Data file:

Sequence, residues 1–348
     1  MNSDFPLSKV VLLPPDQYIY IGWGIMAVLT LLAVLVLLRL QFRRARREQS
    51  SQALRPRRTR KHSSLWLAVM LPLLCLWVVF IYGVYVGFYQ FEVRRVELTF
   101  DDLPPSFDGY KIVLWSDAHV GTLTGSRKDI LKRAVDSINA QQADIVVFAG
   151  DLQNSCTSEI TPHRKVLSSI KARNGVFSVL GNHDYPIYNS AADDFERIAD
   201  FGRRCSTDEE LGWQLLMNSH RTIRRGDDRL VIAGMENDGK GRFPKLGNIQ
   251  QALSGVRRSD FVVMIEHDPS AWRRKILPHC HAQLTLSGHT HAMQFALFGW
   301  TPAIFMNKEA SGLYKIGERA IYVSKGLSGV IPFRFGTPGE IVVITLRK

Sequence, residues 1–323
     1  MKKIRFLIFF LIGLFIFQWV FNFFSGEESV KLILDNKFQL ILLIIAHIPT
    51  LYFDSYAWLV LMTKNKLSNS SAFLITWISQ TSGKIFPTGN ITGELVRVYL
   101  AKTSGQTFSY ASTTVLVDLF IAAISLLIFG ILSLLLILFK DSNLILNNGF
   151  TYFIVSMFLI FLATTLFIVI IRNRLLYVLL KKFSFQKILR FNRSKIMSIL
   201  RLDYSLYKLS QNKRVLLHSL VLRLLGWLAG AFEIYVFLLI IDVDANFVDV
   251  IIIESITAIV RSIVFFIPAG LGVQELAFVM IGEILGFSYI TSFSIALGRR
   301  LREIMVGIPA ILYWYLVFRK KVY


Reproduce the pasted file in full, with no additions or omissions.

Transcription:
Sequence, residues 1–348
     1  MNSDFPLSKV VLLPPDQYIY IGWGIMAVLT LLAVLVLLRL QFRRARREQS
    51  SQALRPRRTR KHSSLWLAVM LPLLCLWVVF IYGVYVGFYQ FEVRRVELTF
   101  DDLPPSFDGY KIVLWSDAHV GTLTGSRKDI LKRAVDSINA QQADIVVFAG
   151  DLQNSCTSEI TPHRKVLSSI KARNGVFSVL GNHDYPIYNS AADDFERIAD
   201  FGRRCSTDEE LGWQLLMNSH RTIRRGDDRL VIAGMENDGK GRFPKLGNIQ
   251  QALSGVRRSD FVVMIEHDPS AWRRKILPHC HAQLTLSGHT HAMQFALFGW
   301  TPAIFMNKEA SGLYKIGERA IYVSKGLSGV IPFRFGTPGE IVVITLRK

Sequence, residues 1–323
     1  MKKIRFLIFF LIGLFIFQWV FNFFSGEESV KLILDNKFQL ILLIIAHIPT
    51  LYFDSYAWLV LMTKNKLSNS SAFLITWISQ TSGKIFPTGN ITGELVRVYL
   101  AKTSGQTFSY ASTTVLVDLF IAAISLLIFG ILSLLLILFK DSNLILNNGF
   151  TYFIVSMFLI FLATTLFIVI IRNRLLYVLL KKFSFQKILR FNRSKIMSIL
   201  RLDYSLYKLS QNKRVLLHSL VLRLLGWLAG AFEIYVFLLI IDVDANFVDV
   251  IIIESITAIV RSIVFFIPAG LGVQELAFVM IGEILGFSYI TSFSIALGRR
   301  LREIMVGIPA ILYWYLVFRK KVY